24 November 2014

Brooks PureGrit 3 Shoe Review


Over the last few years there seems to have developed a dichotomy within running shoes. There are traditionals and minimalists. Without getting too much into the debate, there are generally two, sometimes awkwardly heated, schools of thought. Those in favour of minimalist shoes believe in the the promotion of the more natural and efficient running form that being barefoot would promote. Lines like the New Balance Minimus and the cultist Vibram Fivefingers, encourage proper form by forcing more mid-forefoot striking and by allowing greater flex and movement. Running barefoot is thought to be the best way to learn how to run properly and thus move smoother, faster and with less injuries.

Screenshot 2014-11-24 at 8.12.16 PM.png
Traditional running shoes, such as the Asics Kayano or Brooks Adrenaline ranges, are founded upon reducing shock and stabilising the foot in optimal positions. While flexibility and reducing weight iare important factors, the reality is that all of the foams, glues, fabrics, rubbers and plastics make traditional shoes heavier, stiffer and, generally more cumbersome for runners. Another main aspect of traditionals is the large drop, which is the difference in thickness of the midsole from heel to toe. Generally, the midsole under the heel is much thicker than that of the toe - usually 10-14mm thicker, to allow for minimal shock when the heel strikes the ground. Of course, without the plush padding and support that traditional shoes offer, there’s a lot more impact on the feet, bones and joints. Reality is that for those that are overweight, or are unable to (learn how to) run with proper form, minimalist shoes can lead to a lot of damage and pain.

Screenshot 2014-11-22 at 8.35.37 PM.png
So, again, the Pure project addresses this by finding an optimal balance between the two by being softer and more supporting than true barefoot runners, but lighter, more flexible and with a lower drop, allowing for a more natural foot strike than the traditional. The Pure Project consists of several models, depending on where you are on the minimalist scale. Starting at the “barely there” side is the PureDrift, the lightest, most flexible of the bunch. At the other end is my favourite running shoe for the last 2 years is the PureCadence, these fill all the criteria for a minimalist shoe (light, flexible, low drop) but still with a good amount of cushioning and support. The idea is that anything beyond this is a traditional Brooks runner. Then, there’s the PureGrit. Another Pure Project entry, but tailored for those that love the harsh, uneven, rocky, dirty and potentially wet trails. I’ve had them for about a month now and after a about 30 kms worth of off-road workouts, here’s how they’ve been going. This is my review of the Brooks PureGrit 3s.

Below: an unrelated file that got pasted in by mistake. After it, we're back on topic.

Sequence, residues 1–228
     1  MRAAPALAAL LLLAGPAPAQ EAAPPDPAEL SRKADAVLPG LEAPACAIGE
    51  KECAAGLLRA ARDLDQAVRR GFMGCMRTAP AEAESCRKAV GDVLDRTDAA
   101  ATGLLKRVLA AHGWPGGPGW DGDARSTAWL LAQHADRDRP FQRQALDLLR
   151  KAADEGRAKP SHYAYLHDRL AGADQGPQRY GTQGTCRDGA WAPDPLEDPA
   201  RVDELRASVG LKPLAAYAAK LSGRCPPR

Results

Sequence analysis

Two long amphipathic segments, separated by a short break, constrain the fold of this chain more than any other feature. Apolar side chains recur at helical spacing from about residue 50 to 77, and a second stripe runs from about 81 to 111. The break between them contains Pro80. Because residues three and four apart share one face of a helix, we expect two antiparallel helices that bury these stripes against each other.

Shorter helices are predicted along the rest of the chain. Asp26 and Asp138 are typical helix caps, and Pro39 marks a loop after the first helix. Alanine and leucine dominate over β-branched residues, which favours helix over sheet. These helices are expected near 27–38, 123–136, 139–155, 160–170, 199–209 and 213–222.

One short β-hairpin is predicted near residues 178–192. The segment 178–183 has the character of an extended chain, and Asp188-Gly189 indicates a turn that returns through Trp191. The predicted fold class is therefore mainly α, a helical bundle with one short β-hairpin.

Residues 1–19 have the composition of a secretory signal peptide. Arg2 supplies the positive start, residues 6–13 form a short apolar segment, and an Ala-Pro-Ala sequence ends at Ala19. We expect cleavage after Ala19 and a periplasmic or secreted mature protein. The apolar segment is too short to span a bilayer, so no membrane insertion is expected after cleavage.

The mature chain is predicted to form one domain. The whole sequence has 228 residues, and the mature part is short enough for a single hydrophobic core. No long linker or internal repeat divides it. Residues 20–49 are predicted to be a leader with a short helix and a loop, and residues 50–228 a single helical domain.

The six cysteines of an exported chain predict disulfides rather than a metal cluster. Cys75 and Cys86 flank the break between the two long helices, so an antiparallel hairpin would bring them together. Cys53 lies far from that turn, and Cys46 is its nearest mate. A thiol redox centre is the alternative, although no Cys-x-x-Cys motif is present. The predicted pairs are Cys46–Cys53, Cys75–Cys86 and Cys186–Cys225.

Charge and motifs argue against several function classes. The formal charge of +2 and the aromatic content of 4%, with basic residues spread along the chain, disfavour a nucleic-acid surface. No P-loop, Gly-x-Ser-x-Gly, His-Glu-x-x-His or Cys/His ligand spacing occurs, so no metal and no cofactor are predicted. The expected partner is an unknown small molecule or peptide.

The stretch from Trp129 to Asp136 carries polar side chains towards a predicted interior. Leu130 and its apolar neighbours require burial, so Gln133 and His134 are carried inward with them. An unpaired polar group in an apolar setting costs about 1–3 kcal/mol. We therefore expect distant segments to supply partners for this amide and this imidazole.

Key Features
  1. BioMogo DNA midsole providing adaptive cushioning
  2. 4mm heel-toe drop to encourage midfoot striking and proper form
  3. Ideal Heel, rounded heel cradle for better alignment and transition
  4. Ballistic Rock Shield protecting feet from trail hazards
  5. Nav-band to wrap midfoot securely
  6. Aggressive 3D Hex lugs for maximum tread
  7. Weighs 280 grams (9.9 ounces)
  8. Suited for neutral pronators with medium to high arches

Test Conditions
  • About 4 separate sessions in a month ranging from 4 to 8 km
  • Rocks, timber steps, dirt road, bouldered trails
  • 100m elevation change per km
  • Grass running track for mile test
  • Very dry and dusty, no mud or wet work.
  • 2 years and over 1000km in the Brooks PureCadence

The first thing I noticed about the PureGrits were how much more solid and less plush they feel compared to the PureCadence. The lugs under the very rugged outsole are noticeable upon first wear -- at least for someone who hasn’t worn a trailrunner before. There is also a Rock Shield under the forefoot, which is new to these 3rd editions. The aggressive outsole, hexl lugs and Rock Shield make for an incredibly solid and convincingly protective feeling shoe. They hold up very well up on the trails. My local routes involve steep, rocky climbs combined with timber or demolished boulder steps. On impact I could feel enough to establish a sure footing with solid traction, but still was able to maintain a smooth ride with minimal shock.


One thing that I noticed wasn’t as prominent relative to the PureCadence was the heel-toe drop. Although it’s listed as a 4mm drop, the “Ideal Heel” contour isn’t as dramatic as the PureCadence, which means that the compared to the Cadence, the Grits have my heels sitting noticeably higher than my forefoot. I’m not sure if this is objectively good or bad, but I definitely feel more inclined to strike more forward in my foot in the Cadence than in the Grits. On flatter terrain, I have to be a bit more conscious not to heel-strike than I would like. That being said, there’s still plenty of that springy nature because of the encouraged midfoot landing that minimal running shoes are known for.